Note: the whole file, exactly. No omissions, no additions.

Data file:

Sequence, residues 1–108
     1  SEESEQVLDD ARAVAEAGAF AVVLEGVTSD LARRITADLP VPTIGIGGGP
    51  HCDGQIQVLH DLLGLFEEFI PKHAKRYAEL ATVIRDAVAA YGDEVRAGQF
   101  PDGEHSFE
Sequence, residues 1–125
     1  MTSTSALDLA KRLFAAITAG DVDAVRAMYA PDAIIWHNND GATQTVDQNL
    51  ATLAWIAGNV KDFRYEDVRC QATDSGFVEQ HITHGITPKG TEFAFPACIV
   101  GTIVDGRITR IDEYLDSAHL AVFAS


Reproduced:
Sequence, residues 1–108
     1  SEESEQVLDD ARAVAEAGAF AVVLEGVTSD LARRITADLP VPTIGIGGGP
    51  HCDGQIQVLH DLLGLFEEFI PKHAKRYAEL ATVIRDAVAA YGDEVRAGQF
   101  PDGEHSFE
Sequence, residues 1–125
     1  MTSTSALDLA KRLFAAITAG DVDAVRAMYA PDAIIWHNND GATQTVDQNL
    51  ATLAWIAGNV KDFRYEDVRC QATDSGFVEQ HITHGITPKG TEFAFPACIV
   101  GTIVDGRITR IDEYLDSAHL AVFAS